If you or someone you know has type 2 diabetes, you might like some of these handy (and, I think, dandy) diabetes-related resources.Locate free health screenings: See this article on "The Savvy Senior" about how to find free or low-cost screenings for any number of medical issues.
Free online diabetes resources:
Jenny Ruhl's "Lower Your Blood Sugar" article is a good place to start if you are recently diagnosed; I highly recommend her excellent Blood Sugar 101 book or web site. (I think it saved my life, or at least my eyesight and a limb or two.) Some of the medical people might feel that her blood glucose recommendations are extreme; however, if you compare the ADA, Joslin Diabetes Center, and the American Association of Clinical Endocrinologists recommendations, you’ll see that not even the experts agree. (My own medical team had made different recommendations, mainly because of different perspectives of how to bring a new patient on board, not because they felt that higher was better.)
UCSF Online Diabetes Education provides online education for people with diabetes. If you have a friend or loved one with computer access but who does not have access to a diabetes educator, this is a terrific first resource! It does promote higher carb intake than the lower-carb sites like Blood Sugar 101, but who says you can't do it in phases? This site has a lot of information you'd get from a diabetes educator, and if you're without one, it may help getting one closer to better blood glucose management.)
Diabetes etiquette tips for people without diabetes (PDF file) provides a guide to what is and is not helpful for interacting with your friends and family who have diabetes, from the Behavioral Diabetes Institute.
dLife is a good general resource with lots of articles. My pal Travis from Tu Diabetes contributes articles for this site. Their article on "The Plate Method" may be helpful if you are in a dining situation in which you need to guesstimate portions (or are just fed up to HERE with weighing and measuring stuff).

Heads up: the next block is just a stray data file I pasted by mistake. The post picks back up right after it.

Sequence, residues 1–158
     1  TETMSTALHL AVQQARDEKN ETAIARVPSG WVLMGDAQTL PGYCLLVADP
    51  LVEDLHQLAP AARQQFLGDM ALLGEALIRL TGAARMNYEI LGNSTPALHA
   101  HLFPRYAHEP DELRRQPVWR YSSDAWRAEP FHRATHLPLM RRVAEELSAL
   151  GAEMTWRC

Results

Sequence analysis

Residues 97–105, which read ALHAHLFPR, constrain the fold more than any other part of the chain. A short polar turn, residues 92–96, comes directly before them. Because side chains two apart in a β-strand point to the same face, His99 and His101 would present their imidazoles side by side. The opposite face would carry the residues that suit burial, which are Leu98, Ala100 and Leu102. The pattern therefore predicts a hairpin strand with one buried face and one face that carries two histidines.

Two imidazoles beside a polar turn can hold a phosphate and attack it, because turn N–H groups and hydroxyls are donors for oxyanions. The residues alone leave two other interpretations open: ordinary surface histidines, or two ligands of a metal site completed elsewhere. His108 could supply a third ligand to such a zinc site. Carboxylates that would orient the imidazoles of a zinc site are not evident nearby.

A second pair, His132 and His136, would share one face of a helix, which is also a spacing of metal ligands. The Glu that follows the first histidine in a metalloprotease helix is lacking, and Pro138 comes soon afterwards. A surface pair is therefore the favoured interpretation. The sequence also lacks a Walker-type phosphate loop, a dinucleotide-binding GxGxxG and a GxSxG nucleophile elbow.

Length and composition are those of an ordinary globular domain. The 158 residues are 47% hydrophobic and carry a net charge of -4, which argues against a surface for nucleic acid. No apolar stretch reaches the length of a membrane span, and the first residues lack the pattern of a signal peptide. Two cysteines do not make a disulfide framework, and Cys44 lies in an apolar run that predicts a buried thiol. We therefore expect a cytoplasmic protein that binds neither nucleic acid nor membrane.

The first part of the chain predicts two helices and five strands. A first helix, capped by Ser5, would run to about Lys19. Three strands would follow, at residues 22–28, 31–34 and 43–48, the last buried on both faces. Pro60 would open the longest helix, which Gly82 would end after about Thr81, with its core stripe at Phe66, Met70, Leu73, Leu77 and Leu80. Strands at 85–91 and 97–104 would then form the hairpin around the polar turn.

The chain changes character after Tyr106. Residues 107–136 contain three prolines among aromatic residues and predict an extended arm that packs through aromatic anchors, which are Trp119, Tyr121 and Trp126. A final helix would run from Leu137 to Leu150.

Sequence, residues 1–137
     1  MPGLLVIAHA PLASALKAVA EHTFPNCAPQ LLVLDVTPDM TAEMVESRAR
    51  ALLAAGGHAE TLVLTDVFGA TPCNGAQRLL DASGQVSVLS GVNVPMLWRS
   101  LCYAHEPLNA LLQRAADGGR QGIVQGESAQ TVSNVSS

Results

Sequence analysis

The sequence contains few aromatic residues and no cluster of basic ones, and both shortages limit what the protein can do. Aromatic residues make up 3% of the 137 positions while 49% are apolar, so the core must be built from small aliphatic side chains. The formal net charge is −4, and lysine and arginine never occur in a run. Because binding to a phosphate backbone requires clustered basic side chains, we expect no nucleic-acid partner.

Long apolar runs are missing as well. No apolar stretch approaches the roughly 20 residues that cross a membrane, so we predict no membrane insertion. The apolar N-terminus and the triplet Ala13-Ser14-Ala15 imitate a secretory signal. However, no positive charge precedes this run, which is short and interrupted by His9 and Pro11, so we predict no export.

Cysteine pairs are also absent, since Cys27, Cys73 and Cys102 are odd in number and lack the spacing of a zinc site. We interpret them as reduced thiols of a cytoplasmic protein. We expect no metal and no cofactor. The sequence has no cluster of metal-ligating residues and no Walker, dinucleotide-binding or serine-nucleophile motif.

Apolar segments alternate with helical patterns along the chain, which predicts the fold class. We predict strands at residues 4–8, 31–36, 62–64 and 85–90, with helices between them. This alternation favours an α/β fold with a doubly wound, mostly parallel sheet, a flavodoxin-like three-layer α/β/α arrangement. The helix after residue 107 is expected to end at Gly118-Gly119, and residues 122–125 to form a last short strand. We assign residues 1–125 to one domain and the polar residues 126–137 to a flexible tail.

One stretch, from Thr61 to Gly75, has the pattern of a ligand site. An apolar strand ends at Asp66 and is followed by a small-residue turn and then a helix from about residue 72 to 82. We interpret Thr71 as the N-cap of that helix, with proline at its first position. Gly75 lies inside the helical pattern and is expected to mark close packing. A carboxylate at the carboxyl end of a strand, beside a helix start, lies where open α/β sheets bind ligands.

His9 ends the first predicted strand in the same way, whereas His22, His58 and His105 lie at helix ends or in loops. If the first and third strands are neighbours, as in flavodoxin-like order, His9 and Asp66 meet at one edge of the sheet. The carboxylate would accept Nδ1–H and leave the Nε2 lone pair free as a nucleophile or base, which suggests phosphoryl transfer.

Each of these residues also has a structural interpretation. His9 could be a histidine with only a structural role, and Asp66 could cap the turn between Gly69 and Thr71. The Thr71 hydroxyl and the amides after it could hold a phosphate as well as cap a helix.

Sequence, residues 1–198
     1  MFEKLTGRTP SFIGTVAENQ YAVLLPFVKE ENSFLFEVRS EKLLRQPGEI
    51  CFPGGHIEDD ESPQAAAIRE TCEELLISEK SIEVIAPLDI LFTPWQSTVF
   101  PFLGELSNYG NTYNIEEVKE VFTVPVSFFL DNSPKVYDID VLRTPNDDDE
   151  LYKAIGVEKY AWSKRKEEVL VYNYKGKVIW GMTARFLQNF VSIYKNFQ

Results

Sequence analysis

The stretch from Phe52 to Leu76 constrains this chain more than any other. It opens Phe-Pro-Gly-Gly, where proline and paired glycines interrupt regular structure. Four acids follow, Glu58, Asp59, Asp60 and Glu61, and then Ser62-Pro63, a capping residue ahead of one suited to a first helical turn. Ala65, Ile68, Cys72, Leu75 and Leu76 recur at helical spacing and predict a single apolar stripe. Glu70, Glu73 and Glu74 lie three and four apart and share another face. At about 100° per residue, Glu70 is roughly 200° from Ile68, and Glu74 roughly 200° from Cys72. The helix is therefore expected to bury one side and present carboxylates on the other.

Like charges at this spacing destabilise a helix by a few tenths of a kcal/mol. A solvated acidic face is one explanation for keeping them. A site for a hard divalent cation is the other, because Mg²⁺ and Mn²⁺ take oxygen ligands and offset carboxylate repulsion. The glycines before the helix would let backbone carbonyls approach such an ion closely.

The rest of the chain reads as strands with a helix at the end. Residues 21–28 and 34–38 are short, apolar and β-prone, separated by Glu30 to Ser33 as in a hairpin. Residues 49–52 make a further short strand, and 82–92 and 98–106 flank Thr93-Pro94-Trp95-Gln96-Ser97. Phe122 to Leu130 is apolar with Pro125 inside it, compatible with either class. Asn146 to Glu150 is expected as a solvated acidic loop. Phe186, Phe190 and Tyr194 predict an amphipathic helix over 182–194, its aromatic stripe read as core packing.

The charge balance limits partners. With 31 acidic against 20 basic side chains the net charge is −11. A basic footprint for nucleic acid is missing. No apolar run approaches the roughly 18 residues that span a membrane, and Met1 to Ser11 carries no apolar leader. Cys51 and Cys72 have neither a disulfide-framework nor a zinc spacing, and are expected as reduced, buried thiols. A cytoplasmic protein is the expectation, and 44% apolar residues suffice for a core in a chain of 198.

Tu Diabetes is a social networking site for people with all types of diabetes. It's a good community for not feeling quite so alone with the disease.
Gold's Gym has a free (and nicely done) guide to starting an exercise program, applicable for any gym. You can download it from their "Fighting Diabetes with Fitness" web page. I like that they advised new exercisers to set goals, work up to their goals (rather than going gung-ho in the first session, getting sore and tired, and abandoning it), and to combine strength training and cardio. (I would set more performance-based goals instead of weight or size goals to begin with, though.) In a way, my recommending this is kind of ironic, because I always associated this gym with the serious fitness people and felt very intimidated by it. But with much encouragement from my blog buddies and trying it for a week, I found it to be a really positive place.
To get started running, I started with the Zen Habits Beginner's Guide to Running. But now, there's also the amazing Julia Jones's 5K Training Program (via Two Fit Chicks and a Microphone). Not a runner? Train to walk a 5K! Training for an event helps reinforce your fitness goals and can benefit a good cause, too.
Finally, here's what I do: A friend of mine wanted to know what I was doing to manage my type 2 diabetes, so I summarized it here. (Standard disclaimers apply, not a doctor, don't play one on TV, etc.)